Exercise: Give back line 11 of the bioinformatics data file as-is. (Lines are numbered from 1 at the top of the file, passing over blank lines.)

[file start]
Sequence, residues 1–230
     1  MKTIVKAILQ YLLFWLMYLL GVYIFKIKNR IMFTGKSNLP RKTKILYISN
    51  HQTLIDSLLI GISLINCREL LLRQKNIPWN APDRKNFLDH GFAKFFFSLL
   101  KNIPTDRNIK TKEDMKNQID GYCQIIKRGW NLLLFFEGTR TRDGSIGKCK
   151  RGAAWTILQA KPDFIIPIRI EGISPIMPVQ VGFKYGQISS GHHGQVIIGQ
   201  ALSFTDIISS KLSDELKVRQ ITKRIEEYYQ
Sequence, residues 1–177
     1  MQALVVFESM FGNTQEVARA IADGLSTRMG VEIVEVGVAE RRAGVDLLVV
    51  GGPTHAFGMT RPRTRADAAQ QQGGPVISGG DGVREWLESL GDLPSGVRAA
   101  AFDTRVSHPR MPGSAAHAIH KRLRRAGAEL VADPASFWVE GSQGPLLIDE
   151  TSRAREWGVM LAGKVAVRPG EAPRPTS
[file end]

   151  TSRAREWGVM LAGKVAVRPG EAPRPTS